Transient hypogammaglobulinaemia of infancy (THI) is a relatively rare disorder where there is an exaggeration of the physiological nadir of immunoglobulin (Ig)G between loss of transplacentally acquired maternal IgG and production by the infant. Patients may be vulnerable to infections during the period of hypogammaglobulinaemia. The precise time to recovery in all infants is currently unknown. We sought to determine the clinical features and time-course of recovery for patients with THI. We reviewed our experience with THI over the last three decades in order to describe clinical and laboratory features, as well as the time-course of recovery. Forty-seven patients were identified with THI. Only thirty-seven per cent remitted by 4 years of age, while some patients did not recover until the third or fourth decade. In keeping with previous studies, the majority (25 of 47) presented with recurrent infections, nine had a family history of immunodeficiency and 13 had adverse reactions to food as their dominant clinical manifestation. Chronic tonsillitis developed in 10 patients and symptoms improved following surgery. The group with food allergies recovered sooner than those presenting with infections or with a family history immunodeficiency. Eight patients failed to respond to at least one routine childhood vaccine. Two have IgA deficiency and four individuals recovering in adolescence and adulthood continue to have borderline/low IgG levels. None have progressed to common variable immunodeficiency disorders (CVID). THI is a misnomer, as the majority do not recover in infancy. Recovery from THI can extend into adulthood. THI must be considered in the differential diagnosis of adolescents or young adults presenting with primary hypogammaglobulinemia.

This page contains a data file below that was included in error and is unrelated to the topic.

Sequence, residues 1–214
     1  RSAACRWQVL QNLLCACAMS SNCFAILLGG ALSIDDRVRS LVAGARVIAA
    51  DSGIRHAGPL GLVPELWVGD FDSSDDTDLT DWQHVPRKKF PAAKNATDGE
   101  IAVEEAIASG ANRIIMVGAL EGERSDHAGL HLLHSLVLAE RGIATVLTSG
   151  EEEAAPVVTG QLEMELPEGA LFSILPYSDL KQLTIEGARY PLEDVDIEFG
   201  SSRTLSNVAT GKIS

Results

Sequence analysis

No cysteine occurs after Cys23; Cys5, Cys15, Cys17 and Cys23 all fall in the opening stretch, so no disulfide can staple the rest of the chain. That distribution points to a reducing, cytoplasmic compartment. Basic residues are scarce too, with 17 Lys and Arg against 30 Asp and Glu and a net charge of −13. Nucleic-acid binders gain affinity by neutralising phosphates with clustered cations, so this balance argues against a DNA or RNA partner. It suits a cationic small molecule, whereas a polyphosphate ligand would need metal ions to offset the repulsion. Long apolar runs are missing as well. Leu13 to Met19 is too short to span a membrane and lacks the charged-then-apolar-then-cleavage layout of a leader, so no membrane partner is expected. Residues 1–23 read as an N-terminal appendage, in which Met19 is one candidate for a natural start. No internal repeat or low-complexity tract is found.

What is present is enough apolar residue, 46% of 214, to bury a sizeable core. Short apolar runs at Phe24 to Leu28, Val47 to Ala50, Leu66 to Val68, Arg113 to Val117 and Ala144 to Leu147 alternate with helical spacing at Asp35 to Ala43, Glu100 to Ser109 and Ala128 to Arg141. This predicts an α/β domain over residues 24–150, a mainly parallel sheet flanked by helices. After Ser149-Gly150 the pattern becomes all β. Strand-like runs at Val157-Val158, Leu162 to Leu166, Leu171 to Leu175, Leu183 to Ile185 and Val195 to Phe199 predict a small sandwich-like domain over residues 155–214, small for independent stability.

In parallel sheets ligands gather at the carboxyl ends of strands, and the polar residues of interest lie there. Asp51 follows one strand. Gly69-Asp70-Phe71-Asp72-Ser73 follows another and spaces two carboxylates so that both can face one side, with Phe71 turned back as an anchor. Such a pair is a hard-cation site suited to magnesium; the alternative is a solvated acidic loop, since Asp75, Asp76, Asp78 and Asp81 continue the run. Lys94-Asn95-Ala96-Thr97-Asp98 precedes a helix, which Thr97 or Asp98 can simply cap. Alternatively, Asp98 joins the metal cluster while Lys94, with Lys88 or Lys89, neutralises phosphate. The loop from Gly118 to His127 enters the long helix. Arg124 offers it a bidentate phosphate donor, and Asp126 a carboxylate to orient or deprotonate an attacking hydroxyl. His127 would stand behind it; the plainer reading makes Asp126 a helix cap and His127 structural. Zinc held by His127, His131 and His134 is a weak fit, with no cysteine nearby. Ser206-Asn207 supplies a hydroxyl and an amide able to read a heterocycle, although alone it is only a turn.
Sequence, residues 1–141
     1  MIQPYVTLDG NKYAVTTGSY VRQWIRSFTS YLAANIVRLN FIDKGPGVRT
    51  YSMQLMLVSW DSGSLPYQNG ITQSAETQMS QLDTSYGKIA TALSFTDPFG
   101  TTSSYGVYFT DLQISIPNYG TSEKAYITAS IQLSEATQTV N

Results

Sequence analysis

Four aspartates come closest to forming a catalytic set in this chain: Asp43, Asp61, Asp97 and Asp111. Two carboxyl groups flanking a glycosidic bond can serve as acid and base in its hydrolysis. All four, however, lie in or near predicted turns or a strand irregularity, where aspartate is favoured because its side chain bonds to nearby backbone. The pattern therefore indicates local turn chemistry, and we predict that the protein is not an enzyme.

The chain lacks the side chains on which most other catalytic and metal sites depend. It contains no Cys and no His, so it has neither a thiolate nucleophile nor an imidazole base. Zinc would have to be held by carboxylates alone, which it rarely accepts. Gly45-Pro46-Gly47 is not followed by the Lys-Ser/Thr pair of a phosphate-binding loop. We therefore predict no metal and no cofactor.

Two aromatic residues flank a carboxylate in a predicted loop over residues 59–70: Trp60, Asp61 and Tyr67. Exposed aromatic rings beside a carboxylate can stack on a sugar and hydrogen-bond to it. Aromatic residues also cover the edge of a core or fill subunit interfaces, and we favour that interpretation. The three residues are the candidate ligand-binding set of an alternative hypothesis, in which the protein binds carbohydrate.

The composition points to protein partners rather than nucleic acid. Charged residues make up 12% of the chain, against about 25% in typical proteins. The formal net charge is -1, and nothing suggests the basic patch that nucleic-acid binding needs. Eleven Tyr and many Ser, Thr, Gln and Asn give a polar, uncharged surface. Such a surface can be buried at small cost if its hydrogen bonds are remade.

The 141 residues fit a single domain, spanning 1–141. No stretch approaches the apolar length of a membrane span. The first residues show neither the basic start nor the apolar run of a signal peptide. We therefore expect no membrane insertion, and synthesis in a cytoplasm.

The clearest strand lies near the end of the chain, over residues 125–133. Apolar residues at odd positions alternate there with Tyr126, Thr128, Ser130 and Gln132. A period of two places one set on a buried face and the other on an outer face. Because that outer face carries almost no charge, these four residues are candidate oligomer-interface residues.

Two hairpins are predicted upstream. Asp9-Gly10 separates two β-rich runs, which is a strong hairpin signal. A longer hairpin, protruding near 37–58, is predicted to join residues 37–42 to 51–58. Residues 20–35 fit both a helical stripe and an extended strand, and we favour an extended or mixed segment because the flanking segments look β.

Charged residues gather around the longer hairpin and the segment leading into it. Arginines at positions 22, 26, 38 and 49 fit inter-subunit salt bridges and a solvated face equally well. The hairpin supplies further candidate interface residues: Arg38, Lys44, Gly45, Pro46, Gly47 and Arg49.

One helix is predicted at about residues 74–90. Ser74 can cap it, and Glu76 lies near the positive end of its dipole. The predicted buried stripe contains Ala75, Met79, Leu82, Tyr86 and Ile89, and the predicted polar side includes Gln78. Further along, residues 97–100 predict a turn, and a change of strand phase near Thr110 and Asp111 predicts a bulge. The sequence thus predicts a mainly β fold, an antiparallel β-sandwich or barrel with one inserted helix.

Keywords: common variable immunodeficiency disorders; hypogammaglobulinaemia; hypogammaglobulinaemia of uncertain significance; immunodeficiency; transient hypogammabulinemia of infancy.
© 2019 British Society for Immunology.